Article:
To determine whether the ooplasm granulation patterns of donor oocytes, like those of oocytes from poor-prognosis patients, are predictive of in vitro fertilization (IVF) outcomes.
Retrospective cohort study.
Academically affiliated private clinical infertility and research center.
770 fresh and 381 vitrified-thawed metaphase II oocytes from young donors (aged 21.0–34.6 years) used for IVF during 2017–2020.
Determination of granulation patterns in every oocyte during intracytoplasmic sperm injection as fine, central, uneven, dispersed, and peripheral (thawed only).
Main Outcome Measure(s)
Fertilization, pregnancy, and live birth rates in fresh and thawed donor oocytes. Both overall and known-outcome analyses were performed for pregnancy and live birth.
In fresh donor oocytes, 2 pronuclei rates trended down from 96.1% to 90.2%, 88.9%, and 69.7% from fine to central, uneven, and dispersed granulations; overall pregnancy rates trended down from 50.4% to 29.0%, 17.7%, and 6.9%, as well as live birth rates (43.4%, 21.6%, 12.5%, and 6.4%), from fine to uneven, central, and dispersed granulations. Known pregnancy and known-live birth analyses showed similar findings. Thawed donor oocytes demonstrated similar trends in differences in fertilization, pregnancy, and live birth analyses with relatively worse outcomes. Peripheral granulation, unique to vitrification and thawing, always demonstrated the worst IVF outcomes. Moreover, granulation patterns were relatively disassociated from embryo morphological grades in fresh and largely disassociated in thawed donor oocytes.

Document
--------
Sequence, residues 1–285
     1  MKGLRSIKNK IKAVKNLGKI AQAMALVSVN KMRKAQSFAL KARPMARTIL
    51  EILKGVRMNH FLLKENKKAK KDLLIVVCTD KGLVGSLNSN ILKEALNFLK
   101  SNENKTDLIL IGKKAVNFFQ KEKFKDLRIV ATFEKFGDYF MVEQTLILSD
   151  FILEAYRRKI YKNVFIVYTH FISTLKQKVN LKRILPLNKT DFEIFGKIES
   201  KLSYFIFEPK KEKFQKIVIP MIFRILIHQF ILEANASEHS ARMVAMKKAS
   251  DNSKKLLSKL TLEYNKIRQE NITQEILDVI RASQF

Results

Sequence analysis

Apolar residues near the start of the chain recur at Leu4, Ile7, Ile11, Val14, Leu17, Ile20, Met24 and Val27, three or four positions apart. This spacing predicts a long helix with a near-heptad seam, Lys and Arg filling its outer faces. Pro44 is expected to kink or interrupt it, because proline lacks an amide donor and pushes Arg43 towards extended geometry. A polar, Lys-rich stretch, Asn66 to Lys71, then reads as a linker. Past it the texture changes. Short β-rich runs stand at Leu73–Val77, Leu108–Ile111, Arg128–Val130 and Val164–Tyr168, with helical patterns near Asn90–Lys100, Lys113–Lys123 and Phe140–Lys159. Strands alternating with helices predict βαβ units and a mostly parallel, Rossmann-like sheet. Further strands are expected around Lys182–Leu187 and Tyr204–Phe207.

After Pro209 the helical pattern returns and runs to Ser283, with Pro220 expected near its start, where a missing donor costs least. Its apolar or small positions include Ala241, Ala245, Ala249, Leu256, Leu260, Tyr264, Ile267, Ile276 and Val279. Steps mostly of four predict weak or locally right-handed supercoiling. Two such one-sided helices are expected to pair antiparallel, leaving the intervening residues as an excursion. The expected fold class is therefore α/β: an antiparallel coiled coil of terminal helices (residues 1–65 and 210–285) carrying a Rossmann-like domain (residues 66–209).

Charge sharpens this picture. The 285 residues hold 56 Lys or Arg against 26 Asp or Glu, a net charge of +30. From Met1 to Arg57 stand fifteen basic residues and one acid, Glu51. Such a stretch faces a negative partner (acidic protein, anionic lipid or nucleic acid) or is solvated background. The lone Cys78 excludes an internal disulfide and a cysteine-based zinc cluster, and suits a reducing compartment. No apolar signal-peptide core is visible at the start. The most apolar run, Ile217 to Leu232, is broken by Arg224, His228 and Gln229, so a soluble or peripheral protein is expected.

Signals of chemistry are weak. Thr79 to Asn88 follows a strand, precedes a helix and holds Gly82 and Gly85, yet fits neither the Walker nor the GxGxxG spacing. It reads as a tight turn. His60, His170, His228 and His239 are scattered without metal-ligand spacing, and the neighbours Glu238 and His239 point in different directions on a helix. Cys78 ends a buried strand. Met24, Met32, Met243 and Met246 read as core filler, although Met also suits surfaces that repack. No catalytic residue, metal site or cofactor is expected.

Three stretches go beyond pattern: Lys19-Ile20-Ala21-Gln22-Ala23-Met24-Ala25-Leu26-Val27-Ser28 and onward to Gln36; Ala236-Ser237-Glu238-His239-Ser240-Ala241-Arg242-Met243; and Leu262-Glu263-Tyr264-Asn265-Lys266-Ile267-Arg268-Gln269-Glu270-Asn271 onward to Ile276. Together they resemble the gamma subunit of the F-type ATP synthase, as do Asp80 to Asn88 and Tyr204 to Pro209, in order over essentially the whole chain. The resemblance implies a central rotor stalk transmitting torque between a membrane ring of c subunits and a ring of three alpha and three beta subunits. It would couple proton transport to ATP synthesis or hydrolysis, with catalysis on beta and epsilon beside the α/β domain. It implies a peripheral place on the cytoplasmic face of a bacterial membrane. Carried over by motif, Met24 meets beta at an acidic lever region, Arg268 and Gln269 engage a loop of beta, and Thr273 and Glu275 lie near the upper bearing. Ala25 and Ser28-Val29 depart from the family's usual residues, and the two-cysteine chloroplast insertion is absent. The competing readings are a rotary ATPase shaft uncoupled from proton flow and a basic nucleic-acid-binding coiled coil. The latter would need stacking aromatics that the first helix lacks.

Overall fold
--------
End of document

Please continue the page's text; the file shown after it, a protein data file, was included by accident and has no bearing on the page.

Predictive values of oocyte granulation patterns for fertilization, pregnancy, and live birth in IVF cycles are even more pronounced in young donors than results in older poor-prognosis patients, further supporting integration of oocyte granulation patterns into embryo selection.